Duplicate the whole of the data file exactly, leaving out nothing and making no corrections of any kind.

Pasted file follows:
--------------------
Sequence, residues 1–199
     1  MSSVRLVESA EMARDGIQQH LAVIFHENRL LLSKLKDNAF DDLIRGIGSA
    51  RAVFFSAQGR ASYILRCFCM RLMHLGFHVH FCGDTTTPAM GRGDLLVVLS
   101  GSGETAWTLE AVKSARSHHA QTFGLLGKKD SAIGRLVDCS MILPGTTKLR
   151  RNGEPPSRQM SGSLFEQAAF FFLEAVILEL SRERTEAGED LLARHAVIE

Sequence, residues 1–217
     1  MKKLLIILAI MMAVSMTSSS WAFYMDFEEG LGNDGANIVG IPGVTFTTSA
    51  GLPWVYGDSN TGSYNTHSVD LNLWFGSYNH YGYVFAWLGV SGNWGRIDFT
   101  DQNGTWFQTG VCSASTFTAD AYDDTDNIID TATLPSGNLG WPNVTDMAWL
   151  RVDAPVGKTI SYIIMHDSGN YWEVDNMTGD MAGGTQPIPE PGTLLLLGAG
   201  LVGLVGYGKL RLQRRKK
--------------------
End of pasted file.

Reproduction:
Sequence, residues 1–199
     1  MSSVRLVESA EMARDGIQQH LAVIFHENRL LLSKLKDNAF DDLIRGIGSA
    51  RAVFFSAQGR ASYILRCFCM RLMHLGFHVH FCGDTTTPAM GRGDLLVVLS
   101  GSGETAWTLE AVKSARSHHA QTFGLLGKKD SAIGRLVDCS MILPGTTKLR
   151  RNGEPPSRQM SGSLFEQAAF FFLEAVILEL SRERTEAGED LLARHAVIE

Sequence, residues 1–217
     1  MKKLLIILAI MMAVSMTSSS WAFYMDFEEG LGNDGANIVG IPGVTFTTSA
    51  GLPWVYGDSN TGSYNTHSVD LNLWFGSYNH YGYVFAWLGV SGNWGRIDFT
   101  DQNGTWFQTG VCSASTFTAD AYDDTDNIID TATLPSGNLG WPNVTDMAWL
   151  RVDAPVGKTI SYIIMHDSGN YWEVDNMTGD MAGGTQPIPE PGTLLLLGAG
   201  LVGLVGYGKL RLQRRKK